A Political Impasse is Stalling US Cannabis Reform

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After clearing the House last week, the MORE Act now faces the Senate. Market experts from New Frontier Data break down what's next for US cannabis legalization.

A cannabis legalization bill has cleared the US House of Representatives in a significant win for changing perspectives on the drug. But with experts pointing to gridlock in the Senate, what happens next?

Last Friday (April 1), an updated version of the Marijuana Opportunity, Reinvestment and Expungement (MORE) Act made it through the House for the second time in its history.

While the news has generated hype in the market, the bill now has to clear the Senate before it can be signed into law by President Joe Biden — and numerous policy experts have said there's no chance that will happen.

Here the Investing News Network (INN) breaks down why the bill doesn’t appear to be on the way to passing Congress, even though a recent Gallup poll shows cannabis legalization is supported by a majority of Americans.

Current political landscape prevents straightforward policy move

John Kagia, chief knowledge officer at New Frontier Data, told INN he’s not surprised to see the news-driven cannabis market pick up chatter based on the MORE Act vote.

However, he knows that despite the news, the context of the vote and the road ahead are more important.

“It's important not to presume that just because (the MORE Act was) able to clear the House, that it's going to get an easy run into the Senate,” Kagia said.

New Frontier Data is a cannabis-focused research and analytics firm that regularly publishes market reports.

The executive explained he views the Senate as a minefield for the bill. “In a much narrower and closely contested Senate, the ability to get the bills even tabled, let alone approved, tends to be a much higher hill to climb,” he said.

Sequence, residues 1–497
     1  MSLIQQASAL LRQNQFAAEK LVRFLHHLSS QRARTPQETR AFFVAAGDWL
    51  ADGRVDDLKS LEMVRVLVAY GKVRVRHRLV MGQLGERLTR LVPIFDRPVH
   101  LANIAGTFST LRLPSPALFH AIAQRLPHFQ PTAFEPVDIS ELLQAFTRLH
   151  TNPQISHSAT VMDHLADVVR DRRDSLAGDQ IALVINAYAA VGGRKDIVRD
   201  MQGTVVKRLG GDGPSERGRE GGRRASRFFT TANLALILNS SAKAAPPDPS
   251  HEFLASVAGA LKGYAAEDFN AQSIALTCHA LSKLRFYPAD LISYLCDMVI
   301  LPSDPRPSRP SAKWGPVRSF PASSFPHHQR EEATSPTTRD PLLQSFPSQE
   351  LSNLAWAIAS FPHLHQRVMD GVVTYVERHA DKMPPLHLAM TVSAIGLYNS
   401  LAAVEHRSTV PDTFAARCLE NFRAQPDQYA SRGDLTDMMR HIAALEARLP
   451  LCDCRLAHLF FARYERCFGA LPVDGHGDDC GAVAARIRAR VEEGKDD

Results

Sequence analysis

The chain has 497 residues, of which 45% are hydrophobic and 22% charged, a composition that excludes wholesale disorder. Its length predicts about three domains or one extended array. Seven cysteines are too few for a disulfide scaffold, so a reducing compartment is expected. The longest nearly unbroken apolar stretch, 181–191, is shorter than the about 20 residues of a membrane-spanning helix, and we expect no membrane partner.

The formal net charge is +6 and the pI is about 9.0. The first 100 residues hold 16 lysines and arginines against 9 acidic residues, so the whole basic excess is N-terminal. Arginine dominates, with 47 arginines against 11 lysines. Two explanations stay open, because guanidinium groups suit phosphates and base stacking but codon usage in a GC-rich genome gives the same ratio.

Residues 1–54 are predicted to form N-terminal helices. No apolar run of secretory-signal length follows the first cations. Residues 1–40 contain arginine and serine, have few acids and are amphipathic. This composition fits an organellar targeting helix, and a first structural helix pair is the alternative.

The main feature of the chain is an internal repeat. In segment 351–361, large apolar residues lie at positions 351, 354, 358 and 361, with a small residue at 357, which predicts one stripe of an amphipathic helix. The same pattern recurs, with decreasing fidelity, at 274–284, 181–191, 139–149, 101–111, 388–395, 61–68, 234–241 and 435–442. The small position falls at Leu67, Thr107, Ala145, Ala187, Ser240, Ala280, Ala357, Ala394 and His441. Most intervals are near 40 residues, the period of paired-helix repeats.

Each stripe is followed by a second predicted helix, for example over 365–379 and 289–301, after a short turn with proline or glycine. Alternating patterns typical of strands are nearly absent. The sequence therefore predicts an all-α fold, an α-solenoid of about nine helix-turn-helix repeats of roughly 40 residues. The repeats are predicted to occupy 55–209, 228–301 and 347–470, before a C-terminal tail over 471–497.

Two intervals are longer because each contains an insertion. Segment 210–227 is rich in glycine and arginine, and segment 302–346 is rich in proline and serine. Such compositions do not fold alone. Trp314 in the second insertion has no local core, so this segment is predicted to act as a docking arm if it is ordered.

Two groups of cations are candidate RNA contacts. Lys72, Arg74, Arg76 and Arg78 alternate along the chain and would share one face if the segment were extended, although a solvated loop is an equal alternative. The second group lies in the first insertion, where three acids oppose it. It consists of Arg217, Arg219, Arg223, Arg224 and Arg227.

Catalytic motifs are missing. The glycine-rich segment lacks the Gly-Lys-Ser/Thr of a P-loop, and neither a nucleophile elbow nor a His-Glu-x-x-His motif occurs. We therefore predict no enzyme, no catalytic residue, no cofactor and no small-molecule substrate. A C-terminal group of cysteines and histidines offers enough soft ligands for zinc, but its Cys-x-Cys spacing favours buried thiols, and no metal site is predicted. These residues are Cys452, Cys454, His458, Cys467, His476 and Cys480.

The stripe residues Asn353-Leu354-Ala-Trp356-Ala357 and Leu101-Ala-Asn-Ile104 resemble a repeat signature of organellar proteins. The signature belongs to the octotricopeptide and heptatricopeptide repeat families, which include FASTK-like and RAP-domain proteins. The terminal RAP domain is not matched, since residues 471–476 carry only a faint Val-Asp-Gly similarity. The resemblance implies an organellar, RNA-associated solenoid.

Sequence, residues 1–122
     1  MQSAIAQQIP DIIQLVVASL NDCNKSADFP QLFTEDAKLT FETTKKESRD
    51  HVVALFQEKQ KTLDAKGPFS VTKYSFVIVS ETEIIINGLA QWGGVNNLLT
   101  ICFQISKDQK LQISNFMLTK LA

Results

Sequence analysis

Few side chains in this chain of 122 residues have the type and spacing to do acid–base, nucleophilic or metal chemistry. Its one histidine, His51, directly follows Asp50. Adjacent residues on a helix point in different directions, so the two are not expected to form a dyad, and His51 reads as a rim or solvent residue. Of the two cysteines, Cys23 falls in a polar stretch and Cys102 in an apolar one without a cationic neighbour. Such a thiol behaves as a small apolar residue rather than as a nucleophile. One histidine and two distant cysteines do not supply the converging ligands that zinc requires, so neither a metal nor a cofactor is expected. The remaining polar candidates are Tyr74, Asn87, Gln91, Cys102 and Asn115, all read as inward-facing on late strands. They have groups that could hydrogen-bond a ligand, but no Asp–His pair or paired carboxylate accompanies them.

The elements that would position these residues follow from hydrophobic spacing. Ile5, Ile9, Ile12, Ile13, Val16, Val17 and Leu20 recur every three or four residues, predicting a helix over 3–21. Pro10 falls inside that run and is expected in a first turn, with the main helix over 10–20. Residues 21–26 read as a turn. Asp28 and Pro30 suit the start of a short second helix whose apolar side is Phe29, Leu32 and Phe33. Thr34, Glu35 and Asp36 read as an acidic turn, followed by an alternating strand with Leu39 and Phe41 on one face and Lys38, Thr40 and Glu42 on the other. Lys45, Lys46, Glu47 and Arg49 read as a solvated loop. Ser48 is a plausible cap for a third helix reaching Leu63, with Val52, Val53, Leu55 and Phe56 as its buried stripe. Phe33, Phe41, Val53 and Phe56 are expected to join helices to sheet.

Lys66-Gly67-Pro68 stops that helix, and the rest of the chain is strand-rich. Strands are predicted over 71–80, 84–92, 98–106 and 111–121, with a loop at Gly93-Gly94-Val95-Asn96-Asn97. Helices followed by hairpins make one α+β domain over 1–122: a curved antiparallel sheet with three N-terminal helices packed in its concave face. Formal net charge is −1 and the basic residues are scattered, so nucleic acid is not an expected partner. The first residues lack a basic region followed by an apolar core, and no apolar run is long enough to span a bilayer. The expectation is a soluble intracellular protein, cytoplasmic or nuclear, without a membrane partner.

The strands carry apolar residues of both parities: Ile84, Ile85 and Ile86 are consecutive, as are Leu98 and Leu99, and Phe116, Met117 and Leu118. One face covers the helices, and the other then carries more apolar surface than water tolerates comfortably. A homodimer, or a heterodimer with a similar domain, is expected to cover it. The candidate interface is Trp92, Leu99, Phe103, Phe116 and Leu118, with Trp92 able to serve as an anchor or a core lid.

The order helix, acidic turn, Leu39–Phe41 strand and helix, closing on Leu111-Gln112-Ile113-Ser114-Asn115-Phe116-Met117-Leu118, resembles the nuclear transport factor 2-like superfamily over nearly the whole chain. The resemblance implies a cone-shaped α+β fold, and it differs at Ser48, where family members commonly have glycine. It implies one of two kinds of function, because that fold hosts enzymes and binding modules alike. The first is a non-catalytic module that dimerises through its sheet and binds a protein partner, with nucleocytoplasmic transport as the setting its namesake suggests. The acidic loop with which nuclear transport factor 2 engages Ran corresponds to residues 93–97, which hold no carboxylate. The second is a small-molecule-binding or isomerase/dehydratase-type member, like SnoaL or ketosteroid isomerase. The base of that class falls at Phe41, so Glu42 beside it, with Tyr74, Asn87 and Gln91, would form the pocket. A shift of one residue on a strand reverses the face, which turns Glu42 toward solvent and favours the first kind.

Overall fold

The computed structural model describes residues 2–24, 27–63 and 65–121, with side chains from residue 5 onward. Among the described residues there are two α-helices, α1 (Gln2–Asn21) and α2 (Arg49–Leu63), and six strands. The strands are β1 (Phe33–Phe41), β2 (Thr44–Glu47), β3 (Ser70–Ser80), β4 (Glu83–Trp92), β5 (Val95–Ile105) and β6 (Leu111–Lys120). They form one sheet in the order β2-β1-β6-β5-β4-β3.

Kacey Morrissey, senior director of industry analytics with New Frontier Data, told INN that US politicians can see the projections for what a healthy, thriving cannabis industry in the country could bring.

She noted that for most experts, cannabis reform in the US is an inevitability. How the market gets there, however, is a different question to answer.

“Now I think we (are) just kind of splitting hairs, deciding who's actually going to benefit the most from this and how,” Morrissey said.

Have the Democrats failed by not achieving cannabis reform?

Following Biden's presidential victory in 2020, hopes about cannabis reform began to rise.

These expectations were quickly tempered as cannabis was not a priority for Biden's first 100 days in office, but when two Democrats won key Senate run-off elections — giving Democrats a fighting chance in the Senate — the potential for change was sparked again.

“There were perhaps unrealistically high expectations about how quickly this would go or how this might play out,” Kagia told INN.

As the situation stands, no cannabis reform has become law, and the issue hasn’t been present in direct words from Biden or Vice President Kamala Harris, despite campaign promises.

“Democrats had high hopes that, particularly during the first years of the Biden administration, there would be greater support from the administration to get this done,” Kagia said.

He told INN he thinks Democrats at large are “disappointed” with the current results.